People:  Are the procurement professionals who come into organisations exposed to the right level of training? Although how much training would be required over what period for the change to take effect?

Technology:  Is the technology out there on par with email?  Do the providers need to focus more on benefits for all levels on the organisation to garner more interest and drive change from the top down. This is obviously a continued focus for software providers, especially those who are best of breed. If the tools are more savings forecast led, this might help speed adoption with the parallel to CRM systems and the sales forecasting required by finance.

Process:  Mandating is a dirty word it seems in many circles.  When you mandate software, people tend to resist and look for work-arounds.  However if it was mandated to use eSourcing, then even though there would be several months of change, training, challenges, it would all be soon forgotten and the benefits would be immediate and ever growing.  If the tool is right, why wouldn't you? 


Market Dojo has been working tirelessly towards eSourcing adoption.  To tackle these challenges we have two new improvements.  

Firstly we are more integrated with savings tracking which helps drive adoption from the top down.  

Secondly, we are very excited about the upcoming release of Quick Quotes.  This will give the ability for procurement to help manage tail end spend.  The quotation portal will be available to anyone in the organisation to raise a quote. The benefit for procurement is that they will gain more visibility of the processes used in the extremities of the organisation, centralise the data and allow for better reporting.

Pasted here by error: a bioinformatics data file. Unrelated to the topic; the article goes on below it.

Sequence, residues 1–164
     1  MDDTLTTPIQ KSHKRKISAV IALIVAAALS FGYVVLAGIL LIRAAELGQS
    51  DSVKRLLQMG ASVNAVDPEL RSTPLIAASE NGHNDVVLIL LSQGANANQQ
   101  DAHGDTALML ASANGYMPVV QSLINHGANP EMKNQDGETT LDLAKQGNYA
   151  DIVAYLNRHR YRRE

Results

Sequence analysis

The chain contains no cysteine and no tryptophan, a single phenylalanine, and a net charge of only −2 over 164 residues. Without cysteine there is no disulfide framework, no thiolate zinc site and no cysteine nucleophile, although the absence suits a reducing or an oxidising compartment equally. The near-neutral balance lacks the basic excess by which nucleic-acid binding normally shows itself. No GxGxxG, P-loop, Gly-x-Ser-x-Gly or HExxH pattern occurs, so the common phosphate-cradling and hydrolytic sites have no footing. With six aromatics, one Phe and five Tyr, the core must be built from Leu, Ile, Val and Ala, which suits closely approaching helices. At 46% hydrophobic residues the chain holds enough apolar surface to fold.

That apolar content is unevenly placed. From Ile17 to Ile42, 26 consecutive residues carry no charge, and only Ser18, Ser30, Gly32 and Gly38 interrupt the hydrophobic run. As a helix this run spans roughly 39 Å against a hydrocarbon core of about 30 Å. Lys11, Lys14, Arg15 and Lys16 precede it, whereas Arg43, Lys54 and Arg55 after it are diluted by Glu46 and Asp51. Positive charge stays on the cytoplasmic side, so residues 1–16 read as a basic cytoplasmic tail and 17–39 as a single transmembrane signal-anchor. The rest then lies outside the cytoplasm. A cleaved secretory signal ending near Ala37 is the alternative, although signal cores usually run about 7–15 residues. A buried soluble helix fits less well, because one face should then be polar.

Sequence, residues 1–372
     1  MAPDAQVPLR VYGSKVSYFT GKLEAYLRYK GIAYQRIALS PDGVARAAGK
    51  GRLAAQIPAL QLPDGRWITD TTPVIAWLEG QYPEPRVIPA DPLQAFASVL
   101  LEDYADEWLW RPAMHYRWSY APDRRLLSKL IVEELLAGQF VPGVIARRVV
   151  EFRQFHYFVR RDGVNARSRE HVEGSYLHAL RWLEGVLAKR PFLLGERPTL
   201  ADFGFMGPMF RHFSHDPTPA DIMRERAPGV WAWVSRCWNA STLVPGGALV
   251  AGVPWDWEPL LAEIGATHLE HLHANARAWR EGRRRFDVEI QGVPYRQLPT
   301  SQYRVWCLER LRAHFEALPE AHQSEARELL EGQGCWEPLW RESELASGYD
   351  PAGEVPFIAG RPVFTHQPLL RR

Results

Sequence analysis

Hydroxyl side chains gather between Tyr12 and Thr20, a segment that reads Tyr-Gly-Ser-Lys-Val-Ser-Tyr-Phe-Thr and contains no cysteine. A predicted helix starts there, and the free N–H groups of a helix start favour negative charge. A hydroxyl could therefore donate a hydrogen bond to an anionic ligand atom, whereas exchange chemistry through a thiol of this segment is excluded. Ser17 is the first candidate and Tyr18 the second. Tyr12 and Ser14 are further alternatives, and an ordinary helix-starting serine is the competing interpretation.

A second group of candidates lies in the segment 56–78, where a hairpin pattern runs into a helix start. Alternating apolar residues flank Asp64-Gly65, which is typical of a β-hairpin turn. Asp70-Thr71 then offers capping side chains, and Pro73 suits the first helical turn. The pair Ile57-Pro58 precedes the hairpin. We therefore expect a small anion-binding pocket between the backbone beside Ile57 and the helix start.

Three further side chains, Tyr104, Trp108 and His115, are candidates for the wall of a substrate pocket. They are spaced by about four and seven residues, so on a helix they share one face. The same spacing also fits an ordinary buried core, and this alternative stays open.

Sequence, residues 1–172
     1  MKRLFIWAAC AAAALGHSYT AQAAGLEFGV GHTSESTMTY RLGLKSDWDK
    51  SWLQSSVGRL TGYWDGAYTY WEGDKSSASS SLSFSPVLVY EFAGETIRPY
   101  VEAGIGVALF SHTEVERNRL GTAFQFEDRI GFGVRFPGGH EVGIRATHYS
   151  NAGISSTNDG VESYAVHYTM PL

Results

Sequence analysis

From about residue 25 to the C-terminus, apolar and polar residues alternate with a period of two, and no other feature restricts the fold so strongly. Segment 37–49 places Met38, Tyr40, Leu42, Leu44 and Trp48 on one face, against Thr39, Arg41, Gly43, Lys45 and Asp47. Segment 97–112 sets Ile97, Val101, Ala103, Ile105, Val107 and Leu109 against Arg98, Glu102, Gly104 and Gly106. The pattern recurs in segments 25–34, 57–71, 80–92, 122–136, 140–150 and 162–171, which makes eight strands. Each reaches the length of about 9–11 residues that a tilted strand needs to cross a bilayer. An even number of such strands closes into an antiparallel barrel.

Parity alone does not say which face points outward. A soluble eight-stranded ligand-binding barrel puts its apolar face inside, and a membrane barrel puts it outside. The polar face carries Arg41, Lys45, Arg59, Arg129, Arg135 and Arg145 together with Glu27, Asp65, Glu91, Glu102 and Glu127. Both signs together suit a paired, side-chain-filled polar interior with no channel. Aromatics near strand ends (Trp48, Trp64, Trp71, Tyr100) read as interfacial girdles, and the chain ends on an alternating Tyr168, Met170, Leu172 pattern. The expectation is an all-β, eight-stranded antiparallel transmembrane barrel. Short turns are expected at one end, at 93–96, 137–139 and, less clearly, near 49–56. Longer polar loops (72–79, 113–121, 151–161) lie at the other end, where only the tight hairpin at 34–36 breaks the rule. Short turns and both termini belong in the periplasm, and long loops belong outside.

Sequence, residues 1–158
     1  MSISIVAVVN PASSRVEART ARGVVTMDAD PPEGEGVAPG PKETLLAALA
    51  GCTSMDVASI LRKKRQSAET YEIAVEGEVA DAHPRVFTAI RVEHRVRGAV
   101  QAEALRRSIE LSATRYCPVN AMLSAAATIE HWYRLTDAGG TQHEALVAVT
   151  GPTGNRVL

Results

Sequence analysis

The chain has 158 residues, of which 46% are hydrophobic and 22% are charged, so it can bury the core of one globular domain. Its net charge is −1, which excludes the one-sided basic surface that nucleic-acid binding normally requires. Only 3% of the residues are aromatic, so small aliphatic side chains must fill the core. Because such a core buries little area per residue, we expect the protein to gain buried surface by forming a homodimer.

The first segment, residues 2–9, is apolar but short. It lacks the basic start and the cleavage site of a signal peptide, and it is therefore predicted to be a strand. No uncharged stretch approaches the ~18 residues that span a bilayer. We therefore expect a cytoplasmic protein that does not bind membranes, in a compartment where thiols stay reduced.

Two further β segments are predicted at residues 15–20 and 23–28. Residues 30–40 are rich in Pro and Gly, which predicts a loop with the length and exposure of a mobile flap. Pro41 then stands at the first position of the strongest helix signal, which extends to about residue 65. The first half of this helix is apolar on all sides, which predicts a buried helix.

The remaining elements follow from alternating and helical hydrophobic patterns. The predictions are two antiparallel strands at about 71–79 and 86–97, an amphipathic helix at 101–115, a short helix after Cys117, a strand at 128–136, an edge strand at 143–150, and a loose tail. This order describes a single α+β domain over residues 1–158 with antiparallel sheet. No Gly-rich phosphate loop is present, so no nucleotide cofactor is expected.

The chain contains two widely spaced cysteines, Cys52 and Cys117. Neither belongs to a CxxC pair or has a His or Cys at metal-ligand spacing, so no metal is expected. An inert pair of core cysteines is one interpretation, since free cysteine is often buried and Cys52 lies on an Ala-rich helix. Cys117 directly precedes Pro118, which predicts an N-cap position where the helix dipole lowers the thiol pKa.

Market Dojo helps procurement professionals negotiate better with our on-demand eSourcing tools. If you’d like to find out more, get in touch or register for free and play around with our software for yourself!

Friday, 8 December 2017

Police in Procurement


I recently found procurement data for England and Wales police force online and thought it would be fun to see what it contained. Market Dojo have been thinking about reporting recently, and have found that a lot of our customers are using or planning to use Microsoft Power BI. To learn more, I decided to use Power BI in my analysis.

The purpose of publishing the data was to help identify where forces could save money by working together. The benefits this can bring were demonstrated by a recent e-auction. Twenty forces, including Police Scotland and British Transport Police, collaborated to buy almost 3,000 police vehicles, and the deal delivered £3.7m of savings for the taxpayer*.

The data is provided in csv files, with 2 files (services and equipment) for each of the 43 police forces. By combining all the separate files, we were able to analyse it more easily. 

Total spend by force

The data covers 38 specific categories of spend. By multiplying the price by the quantity for each of the items included in the report, we can see how much each force spent.

Services Vs Equipment

Viewing by force, and showing the breakdown of services v equipment data, we immediately see that spending by the Met is much larger than other forces. Not really surprising as it has more than 33,000 officers, compared to around 8,000 for the second largest force (Greater Manchester) **.

Metropolitan Police
A very large proportion of the Met’s £19,161,138.30 spend goes on office cleaning, in fact, it is 70.59% of the total spend reported!